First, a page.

Preliminary Ecological Appraisals

Thomson EC’s specialists can help with all aspects of a Preliminary Ecological Appraisal (PEA)With over 15 years’ experience, we are well-placed to identify key issues and the scope of further work required to move forward with your development.

All our surveyors are members of the Chartered Institute of Ecology and Environmental Management and meet the competency standards for PEA provided by this organisation.

Arrange a preliminary ecological appraisal today

What is a Preliminary Ecological Appraisal?

A Preliminary Ecological Appraisal is normally, as the name suggests, the first stage in any site assessment.  PEAs are usually required during the planning process to enable a development to be approved. A PEA has two main elements: an ecological desk study and an extended Phase 1 habitat survey.

The purpose of a PEA is to identify any ecological constraints to your development proposal. We will advise on what may additionally be required in order to complete the ecological assessment, for instance, protected species surveys. A PEA allows us to make recommendations where necessary for you to maintain compliance.

When can they take place?

A PEA should be undertaken as early as possible in the planning process. PEAs can be undertaken all year round, however, it is advised they should be conducted between April and September. If they occur outside this period,  there may be seasonal constraints and additional surveys may be required.

About our Preliminary Ecological Appraisal Services

Ecological desk study

At Thomson, when undertaking the desk study, we collate data on statutory designated sites (legally protected), such as Sites of Special Scientific Interest, and priority habitats. We also contact the local biological records centre to obtain details of locally designated sites for wildlife and existing records of protected and priority species in the vicinity of the site. The data from these and other sources are brought together using GIS to provide either a printed map or an interactive map.

Extended phase 1 habitat survey

What our survey involves

  • Site visit to map habitats present
  • Record plant species present (and abundance)
  • Assess the potential of the site for protected and priority species
  • Record any evidence of protected and priority species
  • Advise on initial ecological issues highlighted and requirements
  • Guidance on measures to avoid and mitigate ecological impact

Using the extended Phase 1 habitat survey technique (JNCC, 2010; IEA, 1995), we map the habitats present on the site and, if required, the surrounding area. For each habitat area, we record the plant species present and their abundance. We also assess the potential of the site for protected and priority species and record any evidence of these that we find during the survey, such as badger setts.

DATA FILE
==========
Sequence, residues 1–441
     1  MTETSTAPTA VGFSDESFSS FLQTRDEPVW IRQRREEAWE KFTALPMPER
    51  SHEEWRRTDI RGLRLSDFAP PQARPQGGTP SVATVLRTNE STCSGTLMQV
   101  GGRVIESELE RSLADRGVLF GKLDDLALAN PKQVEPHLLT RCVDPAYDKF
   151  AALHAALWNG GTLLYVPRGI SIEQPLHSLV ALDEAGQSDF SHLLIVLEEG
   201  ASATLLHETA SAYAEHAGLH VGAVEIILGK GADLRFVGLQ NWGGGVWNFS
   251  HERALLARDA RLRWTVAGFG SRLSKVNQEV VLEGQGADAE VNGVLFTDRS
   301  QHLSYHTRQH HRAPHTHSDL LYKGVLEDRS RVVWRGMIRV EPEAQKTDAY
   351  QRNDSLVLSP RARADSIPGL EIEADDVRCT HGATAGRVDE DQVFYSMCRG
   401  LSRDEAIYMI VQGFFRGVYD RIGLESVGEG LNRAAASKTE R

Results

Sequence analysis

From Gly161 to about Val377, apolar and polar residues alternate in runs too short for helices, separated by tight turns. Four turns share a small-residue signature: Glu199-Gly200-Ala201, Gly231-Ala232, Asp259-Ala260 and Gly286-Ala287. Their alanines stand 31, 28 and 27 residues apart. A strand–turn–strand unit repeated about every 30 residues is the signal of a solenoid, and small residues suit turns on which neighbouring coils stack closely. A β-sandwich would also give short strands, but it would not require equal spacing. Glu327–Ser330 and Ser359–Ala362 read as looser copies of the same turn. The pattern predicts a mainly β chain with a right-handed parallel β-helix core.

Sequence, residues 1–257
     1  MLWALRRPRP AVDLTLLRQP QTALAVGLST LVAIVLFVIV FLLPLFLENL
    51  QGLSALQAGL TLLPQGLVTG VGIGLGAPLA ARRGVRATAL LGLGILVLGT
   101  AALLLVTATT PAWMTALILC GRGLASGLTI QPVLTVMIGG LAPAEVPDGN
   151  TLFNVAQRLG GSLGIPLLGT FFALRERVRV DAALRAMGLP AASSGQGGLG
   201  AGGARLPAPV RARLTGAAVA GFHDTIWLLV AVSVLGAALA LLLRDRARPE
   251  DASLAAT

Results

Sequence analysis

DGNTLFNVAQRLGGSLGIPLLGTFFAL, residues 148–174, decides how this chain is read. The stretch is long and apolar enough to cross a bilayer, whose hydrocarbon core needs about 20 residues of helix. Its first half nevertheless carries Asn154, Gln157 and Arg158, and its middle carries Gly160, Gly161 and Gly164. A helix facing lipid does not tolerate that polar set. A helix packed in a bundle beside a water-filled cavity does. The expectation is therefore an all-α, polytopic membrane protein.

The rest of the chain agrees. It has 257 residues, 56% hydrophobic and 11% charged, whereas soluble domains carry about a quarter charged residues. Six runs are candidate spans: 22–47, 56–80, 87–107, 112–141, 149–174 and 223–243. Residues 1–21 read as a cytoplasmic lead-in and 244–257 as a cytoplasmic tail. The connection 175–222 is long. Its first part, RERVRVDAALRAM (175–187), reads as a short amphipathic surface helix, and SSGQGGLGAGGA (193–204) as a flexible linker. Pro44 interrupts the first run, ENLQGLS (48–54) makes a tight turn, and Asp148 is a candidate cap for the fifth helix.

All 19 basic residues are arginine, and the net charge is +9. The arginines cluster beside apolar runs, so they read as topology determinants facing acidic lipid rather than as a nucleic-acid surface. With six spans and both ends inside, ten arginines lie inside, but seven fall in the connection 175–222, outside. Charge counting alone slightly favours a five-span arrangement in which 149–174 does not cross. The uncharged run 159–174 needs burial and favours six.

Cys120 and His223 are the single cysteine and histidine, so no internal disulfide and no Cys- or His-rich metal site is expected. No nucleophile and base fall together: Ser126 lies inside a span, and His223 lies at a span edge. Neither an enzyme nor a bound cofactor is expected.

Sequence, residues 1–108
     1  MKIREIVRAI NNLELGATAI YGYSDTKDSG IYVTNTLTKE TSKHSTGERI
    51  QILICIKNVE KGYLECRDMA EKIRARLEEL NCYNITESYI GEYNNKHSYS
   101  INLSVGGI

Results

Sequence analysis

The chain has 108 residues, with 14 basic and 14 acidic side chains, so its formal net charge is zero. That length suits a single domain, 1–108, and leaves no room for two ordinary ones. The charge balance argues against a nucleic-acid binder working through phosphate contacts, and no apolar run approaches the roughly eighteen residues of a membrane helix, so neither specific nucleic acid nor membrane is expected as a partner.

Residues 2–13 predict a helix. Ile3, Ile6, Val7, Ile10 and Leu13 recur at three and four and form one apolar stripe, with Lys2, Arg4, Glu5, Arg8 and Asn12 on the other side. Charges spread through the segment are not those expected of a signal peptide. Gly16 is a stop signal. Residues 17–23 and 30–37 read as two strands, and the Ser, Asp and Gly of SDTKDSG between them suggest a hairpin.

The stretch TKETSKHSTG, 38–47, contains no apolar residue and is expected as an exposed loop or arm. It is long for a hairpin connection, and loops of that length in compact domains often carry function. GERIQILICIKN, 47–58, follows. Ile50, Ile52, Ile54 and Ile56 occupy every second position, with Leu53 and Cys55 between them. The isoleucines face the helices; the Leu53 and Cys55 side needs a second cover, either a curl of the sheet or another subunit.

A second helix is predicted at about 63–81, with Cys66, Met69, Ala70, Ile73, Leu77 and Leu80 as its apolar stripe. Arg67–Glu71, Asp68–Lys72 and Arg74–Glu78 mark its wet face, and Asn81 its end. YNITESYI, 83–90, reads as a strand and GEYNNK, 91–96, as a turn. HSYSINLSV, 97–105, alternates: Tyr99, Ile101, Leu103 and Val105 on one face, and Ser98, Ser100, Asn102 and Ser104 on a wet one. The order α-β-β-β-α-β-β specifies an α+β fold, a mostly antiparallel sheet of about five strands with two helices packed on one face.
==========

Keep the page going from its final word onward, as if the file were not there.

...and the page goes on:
As part of the PEA, we are able to advise on any initial ecological issues that we identify, for example, in relation to designated sites and priority habitats. We also advise on what is likely to be required in order to complete the ecological assessment, such as, surveys for protected species. Initial guidance on measures that could be incorporated into the development design to avoid and mitigate ecological impacts can also be provided at this stage. The PEA can, therefore, be an extremely useful tool for development master planning and can also form the basis of an Ecological Impact Assessment (EcIA) later in the project.

 

Arrange a preliminary ecological appraisal with us today

If you have any questions or would like to arrange a Preliminary Ecological Appraisal, speak to one of our specialists today.

Contact us

Biodiversity Net Gain

Biodiversity Net Gain has been used for many years by various local planning authorities, utility providers, housing developers and other organisations to demonstrate how developments achieve positive biodiversity outcomes. However, it will soon become an integral part of planning consent due to legislation changes proposed in the new Environment Bill. These changes include a mandatory

Read more

Ecological watching brief

During development works, an ecologist may be required to guide operatives and oversee processes under an ecological watching brief.

Read more

Extended Phase 1 habitat survey

The extended Phase 1 habitat survey provides a map of the habitats present on the site and a description of each habitat, including a plant species list.

Read more

Preliminary Ecological Appraisals

A Preliminary Ecological Appraisal (PEA) has two main elements; an ecological desk study and an extended Phase 1 habitat survey.

Read more

BREEAM assessments

We provide specialised ecological input for BREEAM and Code for Sustainable Homes (CfSH) assessments in line with current technical guidance manuals.

Read more

Habitats Regulations Assessment

The Habitats Directive has been transposed into national law throughout the European Union.

Read more

eDNA testing

A pioneering method used to evaluate the presence or absence of certain protected species on your site.

Read more

Ecology Survey Services

We conduct all types of ecological surveys and assessments to support your planning applications.

Read more

Ecological mitigation

When development works adversely impact protected species and their habitats, measures can be taken to mitigate damage.

Read more

Ecological Impact Assessment (EcIA) Services

Our ecologists help our clients meet the principles of the avoid-mitigate-compensate hierarchy during the EcIA process.

Read more

Our Covid-19
Business Response

Find out more